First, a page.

Make us a shelter
to weather the storm

And I’ll, be, my brothers keeper
So the whole world will know
That we’re not alone

It’s waiting for you
Knockin’ at your door!
Every moment of truth
When your heart hits the floor
When you’re on your knees then…

Love, will, hold us together
Make us a shelter
to weather the storm

And I’ll, be, my brothers keeper
So the whole world will know
That we’re not alone

This is the first, day of the rest of your life
This is the first, day of the rest of your life
‘Cause even in the dark you can still see the light
It’s gonna be alright, s’gonna be alright

Love, will, hold us together
Make us a shelter
to weather the storm

And I’ll, be, my brothers keeper
So the whole world will know
That we’re not alone


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     As evidenced by the entry picture, the family of my birth, the Binghams of the 60’s and 70’s, made Lake Tenkiller a destination long before Jeff met Sherry.     It was a great place to get away.   A place to play.    A place to make friends.    It still is.   I don’t even recall the guy’s name that is with me in this picture, but I thought he and his David Cassidy t-shirt were great.

The current generation Binghams, the family of my girth, returned tonight from our “Fall Back/Fall Break” recurring pilgrimage to Lake Tenkiller.   As we were driving into the area a couple of days ago, one of the kids was heard to say “I love this place”.    And there you have it: a “Perfect Ten(killer).    The perfect place to escape; to get away; to be together as a family.     A place that requires no agenda or itinerary.     There were no David Cassidy t-shirts to be seen, but plenty of parents and kids, each sharing the moment, as was our crew.     Maybe the Jonas Brothers have replaced David Cassidy and the Partridge Family in this current generation, but I digress.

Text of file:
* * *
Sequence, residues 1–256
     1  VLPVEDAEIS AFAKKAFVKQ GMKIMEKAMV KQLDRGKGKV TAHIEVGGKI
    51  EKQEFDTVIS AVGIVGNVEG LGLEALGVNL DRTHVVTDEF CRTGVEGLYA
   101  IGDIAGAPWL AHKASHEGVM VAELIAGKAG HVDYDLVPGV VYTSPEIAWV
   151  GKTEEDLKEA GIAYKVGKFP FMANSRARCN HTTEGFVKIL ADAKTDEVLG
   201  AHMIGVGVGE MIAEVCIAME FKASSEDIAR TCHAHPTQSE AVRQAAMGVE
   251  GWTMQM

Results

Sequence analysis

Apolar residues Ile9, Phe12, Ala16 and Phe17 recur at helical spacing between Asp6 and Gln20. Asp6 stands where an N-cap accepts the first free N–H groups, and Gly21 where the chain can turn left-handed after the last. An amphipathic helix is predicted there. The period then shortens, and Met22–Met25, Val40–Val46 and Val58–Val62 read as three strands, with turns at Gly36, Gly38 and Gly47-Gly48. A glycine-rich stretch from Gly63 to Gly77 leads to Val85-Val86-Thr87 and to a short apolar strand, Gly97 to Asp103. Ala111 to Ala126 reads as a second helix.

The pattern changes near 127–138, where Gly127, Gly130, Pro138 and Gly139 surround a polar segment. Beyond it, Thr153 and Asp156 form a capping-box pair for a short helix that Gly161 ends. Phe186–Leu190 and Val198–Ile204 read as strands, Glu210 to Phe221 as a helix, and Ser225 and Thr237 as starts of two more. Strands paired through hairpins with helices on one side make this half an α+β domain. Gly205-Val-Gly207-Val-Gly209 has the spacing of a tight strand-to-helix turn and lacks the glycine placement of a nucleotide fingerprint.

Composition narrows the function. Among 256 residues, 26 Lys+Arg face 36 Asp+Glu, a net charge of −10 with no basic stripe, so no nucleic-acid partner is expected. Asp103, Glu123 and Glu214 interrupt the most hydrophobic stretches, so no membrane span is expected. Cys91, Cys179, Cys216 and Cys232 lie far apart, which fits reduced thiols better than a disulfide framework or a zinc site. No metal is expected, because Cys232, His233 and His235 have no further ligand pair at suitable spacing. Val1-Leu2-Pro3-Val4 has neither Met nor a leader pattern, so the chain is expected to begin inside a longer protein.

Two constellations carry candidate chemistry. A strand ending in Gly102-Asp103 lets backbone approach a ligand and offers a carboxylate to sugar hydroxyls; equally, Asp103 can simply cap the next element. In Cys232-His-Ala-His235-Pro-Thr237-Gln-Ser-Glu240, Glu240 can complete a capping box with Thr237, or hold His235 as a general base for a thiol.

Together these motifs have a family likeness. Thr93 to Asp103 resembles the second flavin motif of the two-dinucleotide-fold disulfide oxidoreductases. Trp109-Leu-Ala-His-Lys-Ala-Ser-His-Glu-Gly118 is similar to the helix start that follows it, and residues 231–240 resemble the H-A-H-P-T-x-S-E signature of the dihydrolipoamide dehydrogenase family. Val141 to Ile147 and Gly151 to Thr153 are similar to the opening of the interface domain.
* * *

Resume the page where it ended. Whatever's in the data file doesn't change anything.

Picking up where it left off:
I learned long ago, as a participant and before becoming a director, that kids do about 5 different things on a trip like this

1) They eat

2) They argue with siblings

3) They play

4) They sleep

5) and, on occasion, they throw up…

…and the cycle simply starts all over again the next morning, with only the parents the worst for wear, and we would not have it any other way.